Hello and welcome to the Wicking Dementia Laboratory, where one of the things we are working to understand is the genetics of dementia. When someone in their family has dementia, people are naturally concerned about whether it can be inherited. The genetics of dementia is complex and not fully understood. However, we do know that the vast majority of cases of dementia is not caused by an inherited genetic mutation. Dementia is so common that having several close relatives with dementia is not evidence of a genetic link.
There are a few gene mutations we know about that do cause dementia, however. So for a very small number of families, dementia can be inherited when the mutation is passed on. In these rare genetic forms of dementia, the onset is usually at a younger age, in the 40s or 50s.
Let’s meet one of those families. This is the Appleton family.
This is Alan Appleton, and he has familial Alzheimer’s disease. He inherited a faulty gene that causes Alzheimer’s from his mother, who also had the disease.
Three genes have been identified which, if mutated in certain ways, will cause familial Alzheimer’s disease. The mutation causing Alan’s Alzheimer’s is in a gene called APP.
We inherit half our genes from our mother and half from our father. While Alan inherited a faulty copy of the APP gene from his mother, he also inherited a normal copy from his father.
This is Alice, Alan’s partner. Her mother also had Alzheimer’s disease, but it was the common sporadic type, so Alice has two normal copies of the APP gene.
Meet April and Augustus, Allan and Alice’s children. When someone carries a faulty gene that causes dementia, there is a 50-50 chance they will pass it on to their child, because they could pass on either their faulty or normal copy of the gene.
April inherited the normal APP gene from her father and from her mother, so she will not get familial Alzheimer’s disease. She could still get sporadic Alzheimer’s disease, but she is at no greater risk than anyone else in the population.
Augustus on the other hand, inherited the faulty APP gene from his father and a normal gene from his mother. He will develop familial Alzheimer’s disease because the mutated gene is dominant over the normal copy.
Genetic forms of Alzheimer’s disease like the one affecting Alan and Augustus Appleton account for only around 1% of cases. So the vast majority of cases are sporadic, which means their cause is unknown. There are also other gene mutations that can cause other types of dementia, but for all the common causes of dementia, most cases are not inherited.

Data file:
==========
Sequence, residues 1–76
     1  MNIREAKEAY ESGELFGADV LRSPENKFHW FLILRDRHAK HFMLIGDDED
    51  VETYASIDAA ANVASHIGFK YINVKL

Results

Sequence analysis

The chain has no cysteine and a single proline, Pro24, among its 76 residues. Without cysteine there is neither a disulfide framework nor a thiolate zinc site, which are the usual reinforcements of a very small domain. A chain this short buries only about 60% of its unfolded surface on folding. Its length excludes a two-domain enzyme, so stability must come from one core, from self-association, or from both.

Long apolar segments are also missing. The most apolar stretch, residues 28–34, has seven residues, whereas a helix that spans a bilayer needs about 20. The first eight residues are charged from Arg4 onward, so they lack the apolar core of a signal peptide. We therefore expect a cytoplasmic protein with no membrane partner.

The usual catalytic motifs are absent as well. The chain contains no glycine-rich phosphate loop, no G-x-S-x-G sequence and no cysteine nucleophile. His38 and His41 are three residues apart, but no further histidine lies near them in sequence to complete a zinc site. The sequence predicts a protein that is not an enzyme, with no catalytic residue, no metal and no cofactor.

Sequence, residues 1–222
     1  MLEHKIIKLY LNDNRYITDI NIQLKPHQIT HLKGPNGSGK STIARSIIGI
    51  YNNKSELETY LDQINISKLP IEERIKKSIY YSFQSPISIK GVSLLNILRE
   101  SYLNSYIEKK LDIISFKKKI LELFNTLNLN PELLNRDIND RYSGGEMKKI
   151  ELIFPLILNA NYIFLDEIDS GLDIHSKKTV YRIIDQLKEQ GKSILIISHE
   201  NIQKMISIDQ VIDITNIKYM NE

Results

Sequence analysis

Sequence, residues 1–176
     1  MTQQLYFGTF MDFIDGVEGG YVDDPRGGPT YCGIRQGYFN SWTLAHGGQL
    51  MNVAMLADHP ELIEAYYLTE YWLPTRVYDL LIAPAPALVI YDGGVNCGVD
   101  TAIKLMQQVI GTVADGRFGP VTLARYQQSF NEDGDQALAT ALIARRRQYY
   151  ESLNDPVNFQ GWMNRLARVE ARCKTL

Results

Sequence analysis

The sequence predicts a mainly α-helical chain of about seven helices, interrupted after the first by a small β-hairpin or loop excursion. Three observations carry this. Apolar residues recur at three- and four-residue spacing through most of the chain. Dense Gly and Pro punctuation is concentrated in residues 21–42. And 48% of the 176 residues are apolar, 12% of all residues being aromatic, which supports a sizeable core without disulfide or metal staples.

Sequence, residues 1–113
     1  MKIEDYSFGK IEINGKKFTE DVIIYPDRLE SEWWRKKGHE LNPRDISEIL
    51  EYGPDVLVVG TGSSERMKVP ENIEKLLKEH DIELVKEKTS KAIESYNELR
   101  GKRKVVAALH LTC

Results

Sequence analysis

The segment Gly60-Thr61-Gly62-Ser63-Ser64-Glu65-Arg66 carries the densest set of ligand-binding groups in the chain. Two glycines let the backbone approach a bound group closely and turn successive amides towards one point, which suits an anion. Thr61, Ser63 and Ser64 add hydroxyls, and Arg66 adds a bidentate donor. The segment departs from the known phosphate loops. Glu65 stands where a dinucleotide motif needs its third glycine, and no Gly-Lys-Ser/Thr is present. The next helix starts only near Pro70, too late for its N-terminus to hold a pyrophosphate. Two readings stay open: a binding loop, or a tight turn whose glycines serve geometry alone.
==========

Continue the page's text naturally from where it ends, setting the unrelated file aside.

So what about the sporadic forms of dementia, do genes play a role there? Research shows that, on average, people who have a close relative with a sporadic form of dementia have an increased risk of developing the condition, compared to someone without that family history. The increase in risk is similar to the increase we see for other risk factors like diabetes or smoking. And it is likely due to a combination of genetic and environmental influences on our risk of dementia.
One of the genetic influences on our risk of Alzheimer’s disease is a gene called APOE. This gene comes in three normal variations. APOE3 is the most common variation, and doesn’t influence our risk of Alzheimer’s disease. APOE2 is associated with reduced risk, while APOE4 is known to increase the risk.
对我们患阿尔茨海默病的风险的遗传影响之一是称为APOE的基因。这个基因有三种常见的变异类型。 APOE3是最常见的变异，并不影响我们患阿尔茨海默病的风险。 APOE2与降低的风险相关，而APOE4已知会增加风险。
APOE4 does not cause Alzheimer’s, it only increases the risk of it developing. Some people with APOE4 never develop Alzheimer’s disease, and others who develop Alzheimer’s do not have APOE4. So even if someone has the APOE4 gene, it is impossible to predict whether or not they will develop dementia, but they are at increased risk.
In addition to APOE4, many other genes have been identified that have smaller effects on the risk of dementia. We are each born with an individual mix of genes, some of which may reduce our risk of dementia while others may increase it. At this time, it is not possible to measure any person’s individual genetic risk for dementia.
Thanks for visiting the Wicking Dementia Laboratory and I hope you’ve enjoyed learning about the genetics of dementia.